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Local artist honors memory of Pleasant Street Theater with marquetry portrait

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  • Silas Kopf in his Easthampton studio.<br/>JERREY ROBERTS

    Silas Kopf in his Easthampton studio.
    JERREY ROBERTS Purchase photo reprints »

  • PHOTO COURTESY OF AMHERST CINEMA<br/>A marquetry panel by artist Silas Kopf of the former Pleasant Street Theater in Northampton recently sold on an eBay auction for $5,100.<br/>

    PHOTO COURTESY OF AMHERST CINEMA
    A marquetry panel by artist Silas Kopf of the former Pleasant Street Theater in Northampton recently sold on an eBay auction for $5,100.
    Purchase photo reprints »

  • PHOTO COURTESY OF AMHERST CINEMA<br/>This marquetry panel by Silas Kopf, depicting the former Pleasant Street Theater in Northampton, will be auctioned on eBay to benefit Amherst Cinema.

    PHOTO COURTESY OF AMHERST CINEMA
    This marquetry panel by Silas Kopf, depicting the former Pleasant Street Theater in Northampton, will be auctioned on eBay to benefit Amherst Cinema. Purchase photo reprints »

  • Silas Kopf in his Easthampton studio.<br/>JERREY ROBERTS
  • PHOTO COURTESY OF AMHERST CINEMA<br/>A marquetry panel by artist Silas Kopf of the former Pleasant Street Theater in Northampton recently sold on an eBay auction for $5,100.<br/>
  • PHOTO COURTESY OF AMHERST CINEMA<br/>This marquetry panel by Silas Kopf, depicting the former Pleasant Street Theater in Northampton, will be auctioned on eBay to benefit Amherst Cinema.

Fans of the former Pleasant Street Theater are being treated to a unique memento: To honor the legacy of the Northampton movie theater that closed in June, Northampton artist Silas Kopf has created a marquetry panel depicting the theater in its heyday.

The original artwork is being auctioned off this week on eBay, with proceeds benefitting the Amherst Cinema, which for four years had operated the Northampton theater under its non-profit umbrella.

Marquetry is the art and craft of applying pieces of veneer to a structure to form decorative patterns, designs or pictures. Kopf’s piece, a panel measuring 37 inches by 27 inches, depicts families milling about in front of the theater as they get ready for an afternoon of film watching.

“I’m pleased to see the proceeds go to the Amherst Cinema which is still keeping art film alive here in the Valley,” said Kopf, 63. He volunteered to make the panel after Carol Johnson, executive director for the Amherst Cinema Arts Center, approached him about a fundraising effort, looking for items to sell or auction off.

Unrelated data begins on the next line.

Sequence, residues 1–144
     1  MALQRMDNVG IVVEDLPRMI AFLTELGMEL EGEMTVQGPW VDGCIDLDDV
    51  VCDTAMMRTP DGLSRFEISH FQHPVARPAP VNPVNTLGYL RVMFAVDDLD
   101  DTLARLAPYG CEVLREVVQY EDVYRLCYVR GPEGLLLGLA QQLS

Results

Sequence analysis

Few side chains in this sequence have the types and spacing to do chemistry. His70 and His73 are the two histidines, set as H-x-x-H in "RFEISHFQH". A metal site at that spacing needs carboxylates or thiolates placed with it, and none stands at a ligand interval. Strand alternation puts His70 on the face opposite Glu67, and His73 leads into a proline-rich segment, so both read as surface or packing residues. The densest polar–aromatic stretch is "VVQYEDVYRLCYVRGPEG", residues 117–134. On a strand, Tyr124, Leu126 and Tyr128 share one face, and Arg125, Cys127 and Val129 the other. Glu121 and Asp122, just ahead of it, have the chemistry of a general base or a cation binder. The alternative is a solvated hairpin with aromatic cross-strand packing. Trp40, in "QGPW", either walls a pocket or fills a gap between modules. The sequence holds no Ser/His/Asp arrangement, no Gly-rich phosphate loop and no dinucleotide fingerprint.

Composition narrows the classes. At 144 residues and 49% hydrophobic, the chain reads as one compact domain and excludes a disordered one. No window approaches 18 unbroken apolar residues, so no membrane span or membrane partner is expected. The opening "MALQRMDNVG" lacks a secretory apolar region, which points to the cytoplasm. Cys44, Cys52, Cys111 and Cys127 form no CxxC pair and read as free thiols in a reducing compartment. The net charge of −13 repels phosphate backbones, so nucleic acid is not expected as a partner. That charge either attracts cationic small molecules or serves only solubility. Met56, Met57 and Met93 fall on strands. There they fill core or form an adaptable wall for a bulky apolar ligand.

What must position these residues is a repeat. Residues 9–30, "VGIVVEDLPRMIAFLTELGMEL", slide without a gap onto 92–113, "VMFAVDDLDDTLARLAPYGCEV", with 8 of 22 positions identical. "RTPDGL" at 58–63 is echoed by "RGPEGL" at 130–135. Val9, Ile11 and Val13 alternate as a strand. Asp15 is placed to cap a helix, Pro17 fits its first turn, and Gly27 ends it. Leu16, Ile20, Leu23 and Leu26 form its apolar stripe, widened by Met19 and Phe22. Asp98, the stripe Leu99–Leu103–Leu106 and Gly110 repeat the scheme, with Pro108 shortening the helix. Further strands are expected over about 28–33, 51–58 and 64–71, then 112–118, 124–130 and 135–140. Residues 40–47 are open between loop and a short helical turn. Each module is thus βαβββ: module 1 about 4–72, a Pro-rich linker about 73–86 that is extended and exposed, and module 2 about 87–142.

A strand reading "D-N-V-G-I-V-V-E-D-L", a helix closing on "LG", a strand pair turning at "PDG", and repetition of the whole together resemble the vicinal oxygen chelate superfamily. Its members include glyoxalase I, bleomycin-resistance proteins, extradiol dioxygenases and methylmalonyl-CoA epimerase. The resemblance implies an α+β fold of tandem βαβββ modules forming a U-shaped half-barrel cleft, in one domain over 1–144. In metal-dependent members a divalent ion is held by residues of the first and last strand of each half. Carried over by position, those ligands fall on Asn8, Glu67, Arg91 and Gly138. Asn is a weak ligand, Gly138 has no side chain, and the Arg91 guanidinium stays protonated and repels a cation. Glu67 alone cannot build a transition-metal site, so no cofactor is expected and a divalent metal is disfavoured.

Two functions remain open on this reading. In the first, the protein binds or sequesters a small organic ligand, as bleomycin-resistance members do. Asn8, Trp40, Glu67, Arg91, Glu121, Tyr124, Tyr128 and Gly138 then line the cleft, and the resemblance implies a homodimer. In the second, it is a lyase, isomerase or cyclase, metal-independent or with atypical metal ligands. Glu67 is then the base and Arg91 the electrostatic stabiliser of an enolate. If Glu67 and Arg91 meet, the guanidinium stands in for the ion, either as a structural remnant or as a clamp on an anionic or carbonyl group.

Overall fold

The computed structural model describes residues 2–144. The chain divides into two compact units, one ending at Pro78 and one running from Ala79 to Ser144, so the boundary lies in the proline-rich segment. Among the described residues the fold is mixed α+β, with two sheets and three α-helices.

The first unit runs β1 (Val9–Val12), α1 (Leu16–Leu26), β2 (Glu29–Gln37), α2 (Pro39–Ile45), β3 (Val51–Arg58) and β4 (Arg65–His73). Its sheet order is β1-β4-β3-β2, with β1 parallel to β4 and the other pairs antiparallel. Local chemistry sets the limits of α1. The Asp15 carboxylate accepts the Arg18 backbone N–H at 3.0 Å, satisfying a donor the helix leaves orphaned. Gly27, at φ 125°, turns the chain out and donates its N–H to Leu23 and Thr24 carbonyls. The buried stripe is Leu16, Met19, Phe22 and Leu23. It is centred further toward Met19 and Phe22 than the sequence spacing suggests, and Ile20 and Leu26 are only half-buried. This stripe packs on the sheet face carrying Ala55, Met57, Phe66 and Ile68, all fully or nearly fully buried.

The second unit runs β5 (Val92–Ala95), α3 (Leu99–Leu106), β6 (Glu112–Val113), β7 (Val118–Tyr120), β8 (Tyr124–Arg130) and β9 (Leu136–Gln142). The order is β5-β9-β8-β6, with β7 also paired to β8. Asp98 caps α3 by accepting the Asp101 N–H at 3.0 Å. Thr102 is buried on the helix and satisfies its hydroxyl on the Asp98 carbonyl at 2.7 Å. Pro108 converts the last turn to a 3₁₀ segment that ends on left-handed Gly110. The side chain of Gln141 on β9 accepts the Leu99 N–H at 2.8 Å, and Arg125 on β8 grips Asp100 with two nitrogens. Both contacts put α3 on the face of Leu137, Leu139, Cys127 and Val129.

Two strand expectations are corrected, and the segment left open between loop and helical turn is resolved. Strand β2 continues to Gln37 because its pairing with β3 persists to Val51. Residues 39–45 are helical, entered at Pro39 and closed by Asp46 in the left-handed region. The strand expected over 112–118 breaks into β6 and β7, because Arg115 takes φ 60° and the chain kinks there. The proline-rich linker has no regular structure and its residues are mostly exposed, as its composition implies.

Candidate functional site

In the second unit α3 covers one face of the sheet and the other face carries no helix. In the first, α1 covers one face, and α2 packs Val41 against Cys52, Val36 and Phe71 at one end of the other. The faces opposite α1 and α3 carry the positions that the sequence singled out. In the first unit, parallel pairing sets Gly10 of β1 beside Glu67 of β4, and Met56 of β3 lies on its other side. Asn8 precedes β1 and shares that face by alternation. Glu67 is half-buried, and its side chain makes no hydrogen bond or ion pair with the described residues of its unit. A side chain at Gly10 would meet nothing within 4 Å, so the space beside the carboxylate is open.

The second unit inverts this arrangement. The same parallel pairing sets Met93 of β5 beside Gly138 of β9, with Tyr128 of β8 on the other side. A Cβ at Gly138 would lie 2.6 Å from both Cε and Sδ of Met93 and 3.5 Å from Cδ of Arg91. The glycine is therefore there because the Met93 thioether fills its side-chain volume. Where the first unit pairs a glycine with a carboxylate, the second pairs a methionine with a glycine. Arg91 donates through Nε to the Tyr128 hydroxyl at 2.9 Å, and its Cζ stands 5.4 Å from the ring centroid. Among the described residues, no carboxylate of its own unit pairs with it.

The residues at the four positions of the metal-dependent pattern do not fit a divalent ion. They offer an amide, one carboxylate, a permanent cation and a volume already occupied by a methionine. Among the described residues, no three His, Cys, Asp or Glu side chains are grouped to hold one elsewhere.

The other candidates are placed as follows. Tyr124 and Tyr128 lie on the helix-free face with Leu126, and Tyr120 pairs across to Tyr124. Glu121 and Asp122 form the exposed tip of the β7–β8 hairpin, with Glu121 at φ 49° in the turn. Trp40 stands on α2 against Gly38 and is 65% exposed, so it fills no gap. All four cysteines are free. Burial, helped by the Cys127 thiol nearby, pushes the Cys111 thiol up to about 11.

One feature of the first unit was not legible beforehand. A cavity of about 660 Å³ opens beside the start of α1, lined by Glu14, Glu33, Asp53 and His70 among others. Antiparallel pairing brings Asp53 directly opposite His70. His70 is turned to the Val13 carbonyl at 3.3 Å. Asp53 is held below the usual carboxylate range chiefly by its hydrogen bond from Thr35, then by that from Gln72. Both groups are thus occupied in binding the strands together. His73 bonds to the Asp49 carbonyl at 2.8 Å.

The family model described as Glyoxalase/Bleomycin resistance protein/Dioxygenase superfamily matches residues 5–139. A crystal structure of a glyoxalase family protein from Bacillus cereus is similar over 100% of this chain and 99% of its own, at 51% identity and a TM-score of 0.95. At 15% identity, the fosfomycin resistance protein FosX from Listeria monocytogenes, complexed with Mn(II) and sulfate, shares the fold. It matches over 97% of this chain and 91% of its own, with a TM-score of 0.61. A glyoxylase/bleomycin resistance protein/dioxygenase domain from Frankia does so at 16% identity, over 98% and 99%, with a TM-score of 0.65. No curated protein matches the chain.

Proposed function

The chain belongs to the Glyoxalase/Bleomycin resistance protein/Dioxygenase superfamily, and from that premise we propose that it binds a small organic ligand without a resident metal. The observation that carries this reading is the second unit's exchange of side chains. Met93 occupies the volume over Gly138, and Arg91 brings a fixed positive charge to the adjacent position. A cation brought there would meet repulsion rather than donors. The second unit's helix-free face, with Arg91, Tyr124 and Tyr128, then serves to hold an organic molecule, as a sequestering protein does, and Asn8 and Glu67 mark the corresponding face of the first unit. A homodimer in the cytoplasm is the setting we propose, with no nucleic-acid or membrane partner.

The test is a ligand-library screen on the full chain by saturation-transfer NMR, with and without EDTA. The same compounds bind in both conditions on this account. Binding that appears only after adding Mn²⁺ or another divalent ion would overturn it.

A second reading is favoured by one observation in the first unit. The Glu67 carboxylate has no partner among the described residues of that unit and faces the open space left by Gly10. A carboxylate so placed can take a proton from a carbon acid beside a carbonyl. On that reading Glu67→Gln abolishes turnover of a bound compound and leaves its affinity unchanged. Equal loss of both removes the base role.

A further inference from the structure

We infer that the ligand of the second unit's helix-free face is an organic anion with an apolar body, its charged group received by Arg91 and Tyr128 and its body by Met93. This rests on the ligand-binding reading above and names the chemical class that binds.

“It’s especially wonderful to have Silas’ support. As an artist, he knows how important the arts are to our Valley,” Johnson said in a phone interview last week. “It’s the first time we’ve been honored to receive a work of this quality. It’s really an extraordinary piece of work. Every little part of the picture is a piece of wood that’s been cut to fit just exactly in where it goes.”

Johnson said she decided to use eBay for the fundraiser because it is an internationally recognized and trusted site, and it will allow people all over the world to bid on the work. The value of the piece is estimated at $10,000. Bidding began on Dec. 9 and will run until Dec. 16 at 9 a.m.

Although Kopf hasn’t sold any of his work via eBay before, he says he is curious to see how it pans out.

“I think this is a creative way of getting more people involved. This way, it could draw non-locals,” he said. “I think it’s a fine idea.”

Ardent fans

The Pleasant Street Theater was founded in the 1970s by Steve Brown and Dennis Curran. It changed hands several times before it closed in 2007. Over the years, the theater served as an important destination for art-film enthusiasts, Johnson said.

Kopf first visited the theater in 1977, when he and his wife, Linda, were deciding whether or not to live in Northampton. They fell in love with it that night, he says, and remained fans of the place until its last day.

In 2007, when then-owner, Bob Lawton, announced plans to close the theater, the Kopfs and another couple, Bruce and Rita Bleiman of Northampton, spearheaded a successful campaign to save the theater. They were instrumental in the theater’s reopening in January 2008, Johnson said.

“Because of that financial support, we were able to keep the Pleasant Street Theater open for over four more years,” she wrote in an email to the Gazette. “The Valley thus had over four more years of quality, independent, foreign, quirky, Academy Award- winning films.”

Now that the theater has closed, Kopf says he’s invested in keeping its memory alive.

“I think we have a great art community here in the Valley and that encompasses all different types of arts: visual, performance, music and film certainly fits into that,” Kopf said. “If we do not have an arts cinema here, I think it will leave a big gap in our cultural community.”

Kopf’s original artwork will be on display from through Dec. 16 at R. Michelson Galleries in Northampton. A full-size photograph of the panel is on display in the Amherst Cinema lobby.

For a link to the bidding website, visit http://amherstcinema.org/node/1105. Bidding ends Dec. 16 at 9 a.m.

The Amherst Cinema will also hold another “Movie trivia bee” fundraiser on March 10, 2013. To participate, form or join a team to compete with your knowledge of the movies.

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